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Dot Watch

Dot Watch

The Dot Watch is a new spin on the classic microcontroller clock project. It’s small, portable, low cost, and sports a unique timekeeping function. If this method of timekeeping interests you, you can purchase a more refined watch with a similar time display function.
Trying to squeeze some new life out of the tried-and-true clock paradigm can be a frustrating design challenge. Likewise, creating a clock from the absolute minimal number of parts (e.g., no more than 6 components) can lead to some sleepless nights. Finally, trying to shoehorn everything into an itty-bitty space (roughly 2-x3-inches) and making it a portable, battery-powered clock can make even a seasoned project builder scream “Uncle!” Getting everything to work like, err, clockwork, priceless.



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Driven by an Arduino microcontroller clone, called Freeduino, Dot • Watch forces you to do some fast number cypherin’ to tell the current time. Rather than displaying numbers on a screen, Dot • Watch uses an 8×8 LED matrix to depict the current time. In this context four columns of “dots” are used for displaying time in a 24-hour format One component that is strangely missing in Dot • Watch is a switch for setting the time. As a design constraint, I felt that no switch was necessary. Rather, all you have to do is plug the battery into Dot • Watch at exactly 12 noon (your local time). Dot • Watch will begin operation and the time will increment.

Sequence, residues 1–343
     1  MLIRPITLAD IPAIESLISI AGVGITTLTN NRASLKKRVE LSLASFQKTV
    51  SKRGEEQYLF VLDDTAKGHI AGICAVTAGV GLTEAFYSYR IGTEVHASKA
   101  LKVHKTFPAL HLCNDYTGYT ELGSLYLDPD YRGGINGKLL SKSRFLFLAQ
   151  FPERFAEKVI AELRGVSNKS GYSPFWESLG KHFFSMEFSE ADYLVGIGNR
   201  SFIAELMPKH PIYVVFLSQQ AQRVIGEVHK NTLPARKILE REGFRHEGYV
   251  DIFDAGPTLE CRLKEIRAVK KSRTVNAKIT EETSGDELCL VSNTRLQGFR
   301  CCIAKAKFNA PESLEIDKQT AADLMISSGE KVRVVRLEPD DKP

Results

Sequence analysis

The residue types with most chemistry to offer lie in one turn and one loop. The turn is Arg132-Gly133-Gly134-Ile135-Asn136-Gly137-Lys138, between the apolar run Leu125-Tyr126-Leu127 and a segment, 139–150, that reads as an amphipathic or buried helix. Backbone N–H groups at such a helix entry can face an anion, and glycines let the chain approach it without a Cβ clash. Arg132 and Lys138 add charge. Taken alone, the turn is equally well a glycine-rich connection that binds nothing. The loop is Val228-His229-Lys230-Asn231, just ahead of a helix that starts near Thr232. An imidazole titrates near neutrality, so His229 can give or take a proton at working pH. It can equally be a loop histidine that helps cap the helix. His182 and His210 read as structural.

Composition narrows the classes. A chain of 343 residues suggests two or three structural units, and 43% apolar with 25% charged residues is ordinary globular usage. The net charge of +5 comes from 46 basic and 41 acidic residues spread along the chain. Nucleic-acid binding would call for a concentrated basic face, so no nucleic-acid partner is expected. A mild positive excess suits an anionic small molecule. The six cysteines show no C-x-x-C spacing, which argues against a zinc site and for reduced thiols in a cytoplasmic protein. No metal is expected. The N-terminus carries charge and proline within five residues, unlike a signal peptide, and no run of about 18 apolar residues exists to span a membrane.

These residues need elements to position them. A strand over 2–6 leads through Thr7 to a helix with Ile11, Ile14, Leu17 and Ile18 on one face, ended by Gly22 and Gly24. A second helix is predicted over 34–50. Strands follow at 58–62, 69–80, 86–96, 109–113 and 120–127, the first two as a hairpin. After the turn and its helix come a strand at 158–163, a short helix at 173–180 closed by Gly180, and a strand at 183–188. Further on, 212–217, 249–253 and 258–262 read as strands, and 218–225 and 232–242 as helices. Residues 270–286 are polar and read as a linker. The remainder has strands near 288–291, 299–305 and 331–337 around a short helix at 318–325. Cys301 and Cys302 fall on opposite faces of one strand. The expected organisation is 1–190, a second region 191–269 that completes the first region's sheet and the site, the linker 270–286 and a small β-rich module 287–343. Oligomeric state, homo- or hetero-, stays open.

One component that is strangely missing in Dot • Watch is a switch for setting the time. As a design constraint, I felt that no switch was necessary. Rather, all you have to do is plug the battery into Dot • Watch at exactly 12 noon (your local time). Dot • Watch will begin operation and the time will increment.

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